When toddlers are slow to start talking

By Erin Dym on November 26, 2013
I’ve nodded and “Ah’d” my way through many of my son’s stories that I didn’t quite understand. I was concerned about his speech at first, but as his third birthday approaches, his command of language has improved dramatically and his speech is sounding clearer.

Approximately one in 10 children under age five are estimated to be at risk for delays in language development. So how do parents know if their child is on track or underdeveloped?

“The general rule is that by age two, toddlers should be using at least 50 words and should understand much more than that. They should also begin using two-word sentences,” says Shira Silver, a speech language pathologist in Toronto. “Many children surpass this guideline, so if you are concerned that your child’s speech or language development is behind, it is important to speak to your family doctor or a speech-language pathologist.”

Shira suggests some other things to consider as well:

  • Does your toddler point, gesture or make a sound to communicate?
  • Does your child understand simple questions?
  • Can your child follow simple directions?

“There’s a wide range of what’s normal,” she says.

It’s important to appreciate that your child’s words won’t sound perfect. “Certain sounds develop at different ages,” says Shira. “Some sounds are easier than others, for instance, using an “F” sound instead of a “Th” is normal. Even by age six or eight certain blends of sounds are still hard.”

To encourage language development:

  • Read books to your children.
  • Repeat words and sounds that your child says.
  • Comment on what they say and describe what you’re doing as you’re doing it.
  • Encourage them to communicate to get what they want – wait for them to ask for their milk at snack time, for instance, before giving it to them.

If they aren’t speaking and your efforts aren’t working, Shira suggests getting your child’s hearing tested. You might want to speak to your pediatrician as well or even secure an appointment for a free government funded speech language assessment in your area (waiting lists can be up to six or nine months in some communities). You could also make an appointment with a private speech language pathologist, but costs vary and could start at $120 per hour.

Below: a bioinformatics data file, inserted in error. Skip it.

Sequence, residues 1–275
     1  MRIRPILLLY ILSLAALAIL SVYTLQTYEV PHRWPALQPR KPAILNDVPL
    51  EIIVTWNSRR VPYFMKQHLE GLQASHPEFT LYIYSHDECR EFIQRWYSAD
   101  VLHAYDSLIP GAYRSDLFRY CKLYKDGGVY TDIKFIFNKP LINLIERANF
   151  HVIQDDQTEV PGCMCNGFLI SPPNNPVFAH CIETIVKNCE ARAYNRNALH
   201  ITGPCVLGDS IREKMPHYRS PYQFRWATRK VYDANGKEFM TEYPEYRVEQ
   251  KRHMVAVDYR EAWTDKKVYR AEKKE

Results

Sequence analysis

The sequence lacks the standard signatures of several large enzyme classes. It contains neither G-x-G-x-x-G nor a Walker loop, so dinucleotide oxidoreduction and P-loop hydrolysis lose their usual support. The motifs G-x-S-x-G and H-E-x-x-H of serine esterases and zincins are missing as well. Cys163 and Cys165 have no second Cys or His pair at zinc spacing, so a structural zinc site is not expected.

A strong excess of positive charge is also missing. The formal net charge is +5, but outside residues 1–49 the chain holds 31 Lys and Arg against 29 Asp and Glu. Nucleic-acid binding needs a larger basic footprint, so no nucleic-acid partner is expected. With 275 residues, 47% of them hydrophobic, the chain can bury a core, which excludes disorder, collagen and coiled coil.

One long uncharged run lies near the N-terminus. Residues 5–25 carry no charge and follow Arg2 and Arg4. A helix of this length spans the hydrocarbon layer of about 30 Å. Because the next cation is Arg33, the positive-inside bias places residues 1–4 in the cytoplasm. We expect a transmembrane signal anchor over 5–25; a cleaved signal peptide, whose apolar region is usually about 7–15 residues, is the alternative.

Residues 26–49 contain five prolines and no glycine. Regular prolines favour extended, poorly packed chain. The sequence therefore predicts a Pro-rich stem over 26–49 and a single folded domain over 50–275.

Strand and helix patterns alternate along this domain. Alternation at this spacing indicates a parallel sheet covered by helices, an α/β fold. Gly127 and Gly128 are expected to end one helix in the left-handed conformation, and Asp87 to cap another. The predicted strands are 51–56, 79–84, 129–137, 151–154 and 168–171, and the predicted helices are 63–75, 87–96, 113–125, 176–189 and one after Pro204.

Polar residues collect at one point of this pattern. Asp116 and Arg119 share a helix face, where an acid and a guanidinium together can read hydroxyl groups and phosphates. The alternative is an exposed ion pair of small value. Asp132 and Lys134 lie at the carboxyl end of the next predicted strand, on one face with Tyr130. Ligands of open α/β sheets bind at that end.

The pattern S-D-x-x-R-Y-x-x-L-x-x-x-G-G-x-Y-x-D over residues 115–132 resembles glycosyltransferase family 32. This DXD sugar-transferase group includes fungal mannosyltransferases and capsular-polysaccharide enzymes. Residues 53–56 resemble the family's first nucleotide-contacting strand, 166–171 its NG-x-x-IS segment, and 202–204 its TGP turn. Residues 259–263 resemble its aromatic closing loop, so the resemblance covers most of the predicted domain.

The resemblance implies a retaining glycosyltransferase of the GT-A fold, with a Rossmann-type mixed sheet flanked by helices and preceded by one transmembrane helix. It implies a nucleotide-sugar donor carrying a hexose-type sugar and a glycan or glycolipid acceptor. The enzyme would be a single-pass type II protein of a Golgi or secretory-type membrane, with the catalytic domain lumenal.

Online assessment

A new online assessment tool called My Child’s Talk can help parents assess their child. Created by Dr. Daniela O’Neill, a professor at the University of Waterloo, and backed by more than 10 years of scientific research, the tool asks parents to fill out a 20-minute questionnaire at a cost of $20.

“You will be asked a series of yes or no questions and at the end, you get a percentile score that tells you where your child’s language stands relative to boys and girls of the same age in months,” says Dr. O’Neill. “This gives parents a bit more data they can use to decide their next steps.”

A percentile score of 10 percent or below could be cause for clinical concern, and the tool would make a recommendation that parents seek further assessment. Available at my-childs-talk.com, the site also provides a list of resources for parents, including where to find a speech language pathologist and where to get more information.

If there is an issue, early intervention is best. “Slow speech or language development can be caused by a variety of factors, and treatments will range accordingly,” says Shira.

“A lot of times, with work, speech and language issues can improve,” says Shira. “But if you’re concerned, it’s good to seek treatment. Recognizing and treating these issues early on is the best way to help your child.”

Milestones for development

If your child does need the services of a speech language pathologist, here’s what you can expect:

  • A thorough assessment will be conducted, including examining whether your child makes eye contact when being spoken to, whether they understand words spoken to them, and whether they make an effort to communicate back (using noises or gestures).
  • The therapist can provide parents with training to develop their child’s language development, including home visits and videotaping.
  • The therapist will also work with the child using various techniques, including play and discussions.
  • 10 session therapy blocks are common.
  • A speech-language pathologist can help with delayed language, lisps and stutters.
  • Cost is often covered if working through a school board.

Originally published in ParentsCanada magazine, December 2013.


By Erin Dym| November 26, 2013

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